Drumm: U.S. must rethink its Middle Eastern policy

Jack Drumm, Columnist

Two weeks ago, in an ancient Afghan city near the border with Tajikistan, the United States military bombed a Doctors Without Borders hospital. The profoundly tragic incident in Kunduz speaks to a larger failure of American foreign policy in the Middle East. In the past, our country has justified military intervention with the hope of installing American-style political and economic systems abroad. These policies fail to achieve their goals and end up adversely impacting the welfare of the civilians whom we supposedly try to help. The justification for American military force in the Middle East — and around the world, for that matter — should be the presence of an outstanding, imminent national security threat and/or a humanitarian emergency.

What does success in the Middle East look like? How do we exit a war? These are the central questions of American involvement in the Middle East, which has embroiled this nation in numerous conflicts since 9/11. Libya is a failed state, half of Syria is governed by ISIS, and the Taliban still operates forcefully in Afghanistan. Yet, it is very possible for the U.S. to affect real change by increasing foreign aid to these impoverished countries and using the resources of the American military to aid in remedying humanitarian crises.

It cannot be the duty of the United States to impose its political and economic models upon other countries. Effective governance and an economy that gives opportunity to all are not products of Western intervention; they are institutions these nations must prop up themselves. That being said, the U.S. does have the moral obligation to ameliorate the suffering of those less fortunate if we can. And we can.

Two cases of conflict — Yemen and Syria — demonstrate a contradiction in American foreign policy toward the Middle East. In Yemen, a U.S.-backed Saudi campaign against Houthi rebels has resulted in widespread penury and desperation. The Saudi bombing campaign and blockade has generated a humanitarian cataclysm, with some Yemeni having to wait days for food, and the U.S., which provides essential resources to the Saudis like weapons and refueling, is complicit in this crisis. Some journalists have even gone so far as to suggest the U.S. is guilty of war crimes. The entanglement of the U.S. in this conflict has done nothing but deteriorate the humanitarian catastrophe in Yemen and has not realized its goals of changing power in Sana’a.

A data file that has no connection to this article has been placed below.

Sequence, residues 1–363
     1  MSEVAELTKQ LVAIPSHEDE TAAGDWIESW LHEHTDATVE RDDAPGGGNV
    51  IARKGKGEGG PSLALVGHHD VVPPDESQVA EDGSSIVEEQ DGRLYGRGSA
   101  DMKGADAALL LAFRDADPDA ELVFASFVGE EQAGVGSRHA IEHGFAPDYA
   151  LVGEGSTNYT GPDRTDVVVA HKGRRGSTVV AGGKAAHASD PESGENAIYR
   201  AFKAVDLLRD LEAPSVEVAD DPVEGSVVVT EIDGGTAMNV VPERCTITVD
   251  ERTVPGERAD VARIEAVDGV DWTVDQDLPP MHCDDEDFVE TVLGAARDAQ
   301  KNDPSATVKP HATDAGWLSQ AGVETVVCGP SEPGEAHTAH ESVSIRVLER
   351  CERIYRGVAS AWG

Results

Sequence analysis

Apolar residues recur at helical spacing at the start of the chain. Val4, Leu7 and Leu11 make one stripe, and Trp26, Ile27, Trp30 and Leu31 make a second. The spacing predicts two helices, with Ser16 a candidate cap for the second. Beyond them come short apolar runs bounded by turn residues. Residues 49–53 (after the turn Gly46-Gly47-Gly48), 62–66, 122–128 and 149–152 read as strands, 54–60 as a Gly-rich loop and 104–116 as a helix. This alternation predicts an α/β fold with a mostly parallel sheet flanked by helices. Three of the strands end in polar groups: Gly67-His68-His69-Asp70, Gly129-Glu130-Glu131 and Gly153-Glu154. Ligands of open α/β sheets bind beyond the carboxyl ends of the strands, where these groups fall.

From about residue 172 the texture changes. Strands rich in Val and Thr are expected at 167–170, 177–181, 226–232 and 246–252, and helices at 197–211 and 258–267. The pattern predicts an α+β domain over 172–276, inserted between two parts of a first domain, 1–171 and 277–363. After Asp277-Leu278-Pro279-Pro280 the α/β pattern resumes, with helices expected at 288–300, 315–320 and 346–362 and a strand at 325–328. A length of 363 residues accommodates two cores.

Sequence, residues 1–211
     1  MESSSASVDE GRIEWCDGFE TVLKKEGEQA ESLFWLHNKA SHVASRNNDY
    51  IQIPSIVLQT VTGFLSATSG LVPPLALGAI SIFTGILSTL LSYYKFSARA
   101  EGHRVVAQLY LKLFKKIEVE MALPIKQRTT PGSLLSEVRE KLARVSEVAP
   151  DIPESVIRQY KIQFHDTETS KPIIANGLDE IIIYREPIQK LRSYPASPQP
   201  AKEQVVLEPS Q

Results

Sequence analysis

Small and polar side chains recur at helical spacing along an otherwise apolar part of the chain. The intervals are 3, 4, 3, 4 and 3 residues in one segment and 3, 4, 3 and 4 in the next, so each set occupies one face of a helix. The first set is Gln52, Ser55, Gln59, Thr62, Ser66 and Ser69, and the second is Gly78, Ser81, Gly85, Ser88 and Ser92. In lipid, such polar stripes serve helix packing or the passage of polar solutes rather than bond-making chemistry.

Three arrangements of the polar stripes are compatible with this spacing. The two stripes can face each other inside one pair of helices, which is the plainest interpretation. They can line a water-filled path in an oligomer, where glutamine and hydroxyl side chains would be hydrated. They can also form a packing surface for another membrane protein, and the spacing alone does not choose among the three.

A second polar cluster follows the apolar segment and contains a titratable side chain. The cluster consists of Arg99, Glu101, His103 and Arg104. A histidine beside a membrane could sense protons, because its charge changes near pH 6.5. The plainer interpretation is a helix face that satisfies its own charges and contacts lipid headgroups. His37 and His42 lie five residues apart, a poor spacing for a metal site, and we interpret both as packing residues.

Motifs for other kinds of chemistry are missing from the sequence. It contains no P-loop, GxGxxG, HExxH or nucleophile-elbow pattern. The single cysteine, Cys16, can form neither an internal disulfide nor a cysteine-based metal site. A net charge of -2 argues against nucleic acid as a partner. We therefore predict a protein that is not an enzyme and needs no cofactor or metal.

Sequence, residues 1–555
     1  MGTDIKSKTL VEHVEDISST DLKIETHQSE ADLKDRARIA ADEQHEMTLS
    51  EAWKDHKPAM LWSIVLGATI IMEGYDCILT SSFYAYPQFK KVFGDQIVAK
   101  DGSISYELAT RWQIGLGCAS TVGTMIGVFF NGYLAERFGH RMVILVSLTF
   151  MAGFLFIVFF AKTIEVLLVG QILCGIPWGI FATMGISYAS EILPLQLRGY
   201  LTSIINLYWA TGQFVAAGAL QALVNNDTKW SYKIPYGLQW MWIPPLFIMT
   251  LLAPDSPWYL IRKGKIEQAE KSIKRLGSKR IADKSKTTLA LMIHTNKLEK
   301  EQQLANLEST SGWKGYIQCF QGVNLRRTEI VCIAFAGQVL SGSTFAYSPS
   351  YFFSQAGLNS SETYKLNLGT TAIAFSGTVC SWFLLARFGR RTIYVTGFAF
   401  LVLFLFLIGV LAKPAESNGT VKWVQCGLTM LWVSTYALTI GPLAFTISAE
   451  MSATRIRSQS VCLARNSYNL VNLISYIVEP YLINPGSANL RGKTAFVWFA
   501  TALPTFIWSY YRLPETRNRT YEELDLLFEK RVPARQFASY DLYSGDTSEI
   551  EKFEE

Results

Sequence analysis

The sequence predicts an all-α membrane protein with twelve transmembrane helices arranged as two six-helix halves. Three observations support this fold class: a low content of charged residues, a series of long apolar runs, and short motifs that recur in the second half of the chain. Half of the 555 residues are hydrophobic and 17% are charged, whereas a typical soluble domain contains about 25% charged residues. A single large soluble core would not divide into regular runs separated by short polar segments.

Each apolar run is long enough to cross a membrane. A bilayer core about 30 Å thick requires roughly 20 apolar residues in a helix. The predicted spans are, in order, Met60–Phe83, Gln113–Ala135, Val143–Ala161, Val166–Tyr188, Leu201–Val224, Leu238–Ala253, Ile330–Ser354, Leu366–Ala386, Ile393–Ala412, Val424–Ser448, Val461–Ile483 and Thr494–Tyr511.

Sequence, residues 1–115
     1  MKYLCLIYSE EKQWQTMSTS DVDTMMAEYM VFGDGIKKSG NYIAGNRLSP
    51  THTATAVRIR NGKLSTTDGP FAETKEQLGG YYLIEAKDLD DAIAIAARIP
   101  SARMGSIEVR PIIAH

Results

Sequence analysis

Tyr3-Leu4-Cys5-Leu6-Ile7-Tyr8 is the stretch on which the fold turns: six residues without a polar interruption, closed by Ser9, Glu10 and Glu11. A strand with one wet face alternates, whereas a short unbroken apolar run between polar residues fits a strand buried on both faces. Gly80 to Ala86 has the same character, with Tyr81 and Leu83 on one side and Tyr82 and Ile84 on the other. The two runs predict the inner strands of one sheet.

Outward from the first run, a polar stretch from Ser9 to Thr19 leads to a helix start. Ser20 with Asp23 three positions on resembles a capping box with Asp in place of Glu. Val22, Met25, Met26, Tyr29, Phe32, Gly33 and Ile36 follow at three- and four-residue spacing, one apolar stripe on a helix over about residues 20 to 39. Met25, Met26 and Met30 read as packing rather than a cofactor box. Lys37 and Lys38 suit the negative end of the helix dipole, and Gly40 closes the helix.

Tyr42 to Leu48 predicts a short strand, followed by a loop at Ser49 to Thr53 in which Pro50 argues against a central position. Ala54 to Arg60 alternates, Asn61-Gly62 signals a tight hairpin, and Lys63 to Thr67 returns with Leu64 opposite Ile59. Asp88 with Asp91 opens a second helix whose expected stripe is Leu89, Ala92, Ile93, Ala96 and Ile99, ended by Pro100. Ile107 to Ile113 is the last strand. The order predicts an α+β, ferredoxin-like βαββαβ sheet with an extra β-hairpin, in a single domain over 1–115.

By contrast, in Syria, the U.S. has wisely avoided military intervention in a conflict with a plethora of actors scrambling for influence, including Bashar al-Assad, ISIS, Russia, Hezbollah, Iran and Turkey. It is no secret that the horrors of war are a daily norm for the Syrian people; food and shelter have become the most valuable currency in Syria. Barney Frank, a former Massachusetts representative, argues that no action the U.S. could take in Syria would actually end up doing any good, which I agree with. The situation in Syria is so wildly complicated that the only good the U.S. could effectuate is providing humanitarian assistance. Fortunately, the United Nations and its World Food Programme, which is largely funded by the United States, has combatted the starvation and tumult of the Syrian people. These are the humanitarian policies that the United States needs to expand in Syria and adopt in other Middle Eastern countries.

The question then becomes: What should be the red line for American intervention? From the overwhelming amount of evidence on American-Middle Eastern relations the past 14 years, we can see that never-ending war isn’t a viable solution. For too long, government officials have promoted policies that attempt to cultivate an environment friendly to U.S. political and economic interests. It is no big secret that corporations who manufacture war materiel have a very large incentive to keep demand for their products high; President Eisenhower left office warning the public of their influence. The American people cannot let our nation fall into another prolonged war that seeks influence in a region that simply does not want it. The human suffering is far too high.

We can execute smart, time-limited operations to protect national security. We can intervene to save lives, distribute food, or house refugees. The U.S. did this back in August 2014, when U.S. and Kurdish forces saved the lives of tens of thousands of Yazidis on a besieged mountain in northwestern Iraq.

It is true, as President Bill Clinton said in 1996, that sometimes America is the difference between freedom and repression. Let that credo be this nation’s guiding light, but let us never forget that freedom is not endless war.

Jack Drumm is a Weinberg freshman. He can be contacted at [email protected]. If you would like to respond publicly to this column, send a Letter to the Editor to [email protected].

The views expressed in this piece do not necessarily reflect the views of all staff members of The Daily Northwestern.